At last the truth about ‘The Family’ is being unravelled publicly again. Mani Shankar Aiyar, Manish Tewari et al would now do well to accept the truth about ‘The Family’s’ habit of use and throw. Instead of discussing the frustration that Mani and his vocal Congress family courtiers have been displaying since Sunday, let me point out the long history of ‘The Family’s’ propensity to sacrifice individuals and the party for its sake.
One of the few formidable mass leaders, popular Chief Minister of Uttar Pradesh and a leader independent of ‘The Family’, Hemwati Nandan Bahuguna repeatedly suffered excruciating mental agony when he realised that he was being treated as an attendant of ‘The Family’. Let us not forget how humiliated Bahuguna felt when his political wings began to be pruned and how he showed a herculean determination and broke out of ‘The Family’s’ political dungeon in order to try and forge a national alternative to Congress rule. Had death not snatched him away, HN Bahuguna would have probably succeeded in giving a new direction to Indian politics by heralding a post-Congress India. ‘The Family’ was of course dead scared of that possibility.
The tale of ‘The Family’s’ expansive habit of first using talented political workers and leaders and then of heaping humiliation on them and of finally discarding them is legendary. Nehru’s treatment of Patel in his last years displayed that streak of political ruthlessness which became the hallmark of ‘The Family’ later. Two months before he died, Patel who had earlier abdicated power as a loyal ‘soldier of Bapu’ in favour of Nehru and had done much to accommodate the temperamental Prime Minister, wrote of the ‘mental torture’ he was being made to go through because of Jawaharlal’s behaviour, “I see no hope… I have gone to the farthest extent but I see that it is all no good and we can only leave it to God.” Patel died a sad man, sad to realise in what unstable hands he had to leave the country.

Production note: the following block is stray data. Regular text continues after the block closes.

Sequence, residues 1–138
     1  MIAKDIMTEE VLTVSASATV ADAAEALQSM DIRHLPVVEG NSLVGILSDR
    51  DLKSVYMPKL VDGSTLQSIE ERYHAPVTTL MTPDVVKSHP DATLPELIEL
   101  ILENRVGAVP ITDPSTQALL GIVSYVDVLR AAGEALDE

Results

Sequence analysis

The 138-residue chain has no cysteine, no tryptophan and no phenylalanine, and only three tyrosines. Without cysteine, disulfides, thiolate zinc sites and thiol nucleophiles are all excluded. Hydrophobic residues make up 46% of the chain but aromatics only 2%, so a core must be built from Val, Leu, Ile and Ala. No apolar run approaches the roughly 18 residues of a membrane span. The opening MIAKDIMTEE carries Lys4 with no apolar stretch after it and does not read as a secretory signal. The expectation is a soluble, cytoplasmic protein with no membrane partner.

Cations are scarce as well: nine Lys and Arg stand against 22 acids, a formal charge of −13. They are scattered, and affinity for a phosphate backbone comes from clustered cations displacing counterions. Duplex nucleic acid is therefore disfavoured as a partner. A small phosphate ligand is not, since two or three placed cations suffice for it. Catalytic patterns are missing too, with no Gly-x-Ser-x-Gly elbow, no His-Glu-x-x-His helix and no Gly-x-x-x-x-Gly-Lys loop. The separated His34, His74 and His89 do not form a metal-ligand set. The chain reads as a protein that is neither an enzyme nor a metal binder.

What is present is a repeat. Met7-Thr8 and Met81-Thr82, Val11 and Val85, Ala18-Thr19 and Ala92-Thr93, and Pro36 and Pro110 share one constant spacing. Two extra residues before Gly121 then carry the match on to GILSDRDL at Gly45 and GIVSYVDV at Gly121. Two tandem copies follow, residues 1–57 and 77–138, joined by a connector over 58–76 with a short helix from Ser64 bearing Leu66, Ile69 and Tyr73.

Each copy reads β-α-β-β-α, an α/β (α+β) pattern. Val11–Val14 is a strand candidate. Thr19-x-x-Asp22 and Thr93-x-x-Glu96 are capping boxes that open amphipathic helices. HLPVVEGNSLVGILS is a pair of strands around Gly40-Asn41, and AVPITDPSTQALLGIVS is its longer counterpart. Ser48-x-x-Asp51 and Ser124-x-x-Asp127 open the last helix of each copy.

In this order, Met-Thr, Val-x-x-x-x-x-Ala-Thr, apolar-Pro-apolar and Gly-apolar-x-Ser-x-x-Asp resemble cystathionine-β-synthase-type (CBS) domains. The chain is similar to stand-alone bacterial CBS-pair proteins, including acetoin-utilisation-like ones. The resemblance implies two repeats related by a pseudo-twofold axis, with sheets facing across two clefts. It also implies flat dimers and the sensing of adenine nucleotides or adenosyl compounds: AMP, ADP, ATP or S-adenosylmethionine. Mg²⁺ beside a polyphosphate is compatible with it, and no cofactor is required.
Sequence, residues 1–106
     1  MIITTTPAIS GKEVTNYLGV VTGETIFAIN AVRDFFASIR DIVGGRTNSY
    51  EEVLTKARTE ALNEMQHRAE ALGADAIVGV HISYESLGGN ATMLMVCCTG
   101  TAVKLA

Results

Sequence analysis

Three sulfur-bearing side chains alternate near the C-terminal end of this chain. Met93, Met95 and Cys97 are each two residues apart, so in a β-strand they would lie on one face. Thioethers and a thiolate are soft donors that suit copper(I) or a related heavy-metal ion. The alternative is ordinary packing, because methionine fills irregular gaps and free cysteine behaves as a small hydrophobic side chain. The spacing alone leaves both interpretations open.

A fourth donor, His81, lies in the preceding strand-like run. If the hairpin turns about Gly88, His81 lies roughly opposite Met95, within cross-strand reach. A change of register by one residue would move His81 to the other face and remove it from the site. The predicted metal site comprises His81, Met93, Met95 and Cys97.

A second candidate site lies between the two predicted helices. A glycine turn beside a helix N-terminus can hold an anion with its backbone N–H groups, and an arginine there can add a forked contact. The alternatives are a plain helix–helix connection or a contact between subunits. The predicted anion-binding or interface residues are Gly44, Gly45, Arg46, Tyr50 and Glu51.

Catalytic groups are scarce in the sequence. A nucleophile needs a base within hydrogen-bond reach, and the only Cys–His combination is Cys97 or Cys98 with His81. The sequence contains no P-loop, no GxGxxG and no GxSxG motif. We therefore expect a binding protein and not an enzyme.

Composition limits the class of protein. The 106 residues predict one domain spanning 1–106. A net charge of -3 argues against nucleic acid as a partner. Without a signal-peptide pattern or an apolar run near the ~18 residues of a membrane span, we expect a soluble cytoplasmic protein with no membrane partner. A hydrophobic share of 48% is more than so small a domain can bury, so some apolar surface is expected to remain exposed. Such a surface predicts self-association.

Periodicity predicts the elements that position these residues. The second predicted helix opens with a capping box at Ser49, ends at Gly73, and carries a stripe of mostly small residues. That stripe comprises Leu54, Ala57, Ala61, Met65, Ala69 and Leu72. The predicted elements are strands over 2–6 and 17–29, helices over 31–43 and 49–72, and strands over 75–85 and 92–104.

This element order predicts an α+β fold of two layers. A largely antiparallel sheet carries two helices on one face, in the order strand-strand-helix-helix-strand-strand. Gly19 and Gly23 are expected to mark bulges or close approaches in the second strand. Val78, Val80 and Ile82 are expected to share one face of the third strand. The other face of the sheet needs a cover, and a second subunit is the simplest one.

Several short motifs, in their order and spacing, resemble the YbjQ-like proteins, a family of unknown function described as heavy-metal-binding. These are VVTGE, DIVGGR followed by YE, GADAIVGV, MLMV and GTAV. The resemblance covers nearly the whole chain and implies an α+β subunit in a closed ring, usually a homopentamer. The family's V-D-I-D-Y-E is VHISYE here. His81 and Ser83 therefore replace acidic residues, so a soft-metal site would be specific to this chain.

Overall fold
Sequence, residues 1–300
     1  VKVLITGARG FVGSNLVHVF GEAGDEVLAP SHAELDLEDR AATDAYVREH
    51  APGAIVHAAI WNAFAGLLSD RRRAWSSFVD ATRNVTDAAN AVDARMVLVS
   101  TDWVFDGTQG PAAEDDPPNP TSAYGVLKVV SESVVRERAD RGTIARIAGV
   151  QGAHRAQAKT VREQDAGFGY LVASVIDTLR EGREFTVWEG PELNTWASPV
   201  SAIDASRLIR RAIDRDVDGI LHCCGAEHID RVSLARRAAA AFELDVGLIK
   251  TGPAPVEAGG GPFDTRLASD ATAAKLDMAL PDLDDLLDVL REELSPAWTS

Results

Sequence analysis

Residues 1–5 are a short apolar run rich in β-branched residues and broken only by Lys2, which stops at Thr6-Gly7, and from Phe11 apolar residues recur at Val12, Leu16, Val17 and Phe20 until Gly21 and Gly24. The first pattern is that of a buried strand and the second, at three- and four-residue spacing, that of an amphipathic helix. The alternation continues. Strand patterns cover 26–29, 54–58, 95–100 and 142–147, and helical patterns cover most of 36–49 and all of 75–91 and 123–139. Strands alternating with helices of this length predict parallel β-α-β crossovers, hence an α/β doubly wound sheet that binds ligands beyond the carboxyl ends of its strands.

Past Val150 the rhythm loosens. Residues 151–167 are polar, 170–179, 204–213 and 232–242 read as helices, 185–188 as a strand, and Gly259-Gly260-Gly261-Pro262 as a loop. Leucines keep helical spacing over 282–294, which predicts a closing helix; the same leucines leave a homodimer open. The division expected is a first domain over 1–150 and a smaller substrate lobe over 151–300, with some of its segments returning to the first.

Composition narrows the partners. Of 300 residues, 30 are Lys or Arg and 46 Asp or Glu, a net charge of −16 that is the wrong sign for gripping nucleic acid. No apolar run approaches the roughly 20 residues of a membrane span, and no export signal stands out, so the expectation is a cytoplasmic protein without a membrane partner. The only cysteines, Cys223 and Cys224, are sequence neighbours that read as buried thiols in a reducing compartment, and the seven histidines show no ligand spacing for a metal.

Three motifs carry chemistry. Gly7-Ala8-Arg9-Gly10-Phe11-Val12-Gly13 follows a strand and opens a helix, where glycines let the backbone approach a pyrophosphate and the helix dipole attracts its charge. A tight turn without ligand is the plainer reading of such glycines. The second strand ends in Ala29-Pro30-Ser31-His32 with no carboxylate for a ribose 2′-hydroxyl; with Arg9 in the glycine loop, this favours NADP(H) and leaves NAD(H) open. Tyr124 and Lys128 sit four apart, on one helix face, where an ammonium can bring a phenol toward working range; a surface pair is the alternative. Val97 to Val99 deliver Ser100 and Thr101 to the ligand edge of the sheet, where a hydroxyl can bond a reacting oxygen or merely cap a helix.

It is true that where his powers were concerned, Nehru was ‘highly aggressive and ruthless’, such were the heights of this ruthlessness that on Patel’s demise he issued directives to the ‘Ministers and the Secretaries not to go to Bombay to attend the funeral’ and tried to dissuade Rajendra Prasad from attending it as well. Nehru’s behaviour towards a man who had been his comrade in arms for over three decades and who had done more than anyone else to consolidate his position in the party and the country, was a brazen display of that humiliation-heaping trait which ‘The Family’ was to master in years to come. Nehru’s granddaughter-in-law, in accordance with ‘The Family’s’ tradition, meted out a near similar treatment five and a half decades later to PV Narasimha Rao’s funerary cortege in the heart of Delhi.
Even the ‘gentle and self-effacing’ Rajendra Prasad was not spared and had once confided his intentions of writing the memoirs of his presidency with the title ‘The Years of Agony.’ C Rajagopalachari, JB Kripalani, Purushottamdas Tandon, all stalwarts, were gradually discarded as soon as their utility was over or as soon as they displayed political sagacity, vision and initiative in comprehending and handling the affairs of free India.
Indira equally mastered this trait for using and humiliating, in her case Kamaraj’s example stands out. The man served Nehru well and meticulously chartered Indira’s political rise only to be unceremoniously sidelined when his uses seemed to be over. A shocked Kamaraj is said to have bitterly confessed that Indira was a ‘big man’s daughter, [and] a little man’s mistake.’ He died a disillusioned man having vehemently opposed the imposition of emergency as an event with no parallel even ‘under British rule.’ But even his death was used by Indira to consolidate her power, she used the occasion to digest the last fragments of the old Congress telling her south Indian audiences that merger had been the late leader’s ‘last wish’ and that it was a ‘privilege to work with him’ and that she ‘sought his guidance’ and ‘discussed’ with him ‘almost every matter of importance.’
The Family’s treatment of Zail Singh, Nandini Sathpathy, Arun Nehru, Arun Singh, Arjun Singh, Karan Singh and of course Pranab Mukherjee is the stuff of legend – it carried out with great aplomb and fervour the tradition of humiliation and marginalisation. CR was at his acerbic best when once describing this habit of using and tossing out, “Rajaji is just a match-stick to light the cigarette. You throw the matchstick into the ashtray without a thought after it has served the purpose.”
Every leader of consequence in the Congress has always been used by ‘The Family’ as a matchstick to light its cigarette of political ambition. And the nation, well the nation of course has always been its convenient ashtray!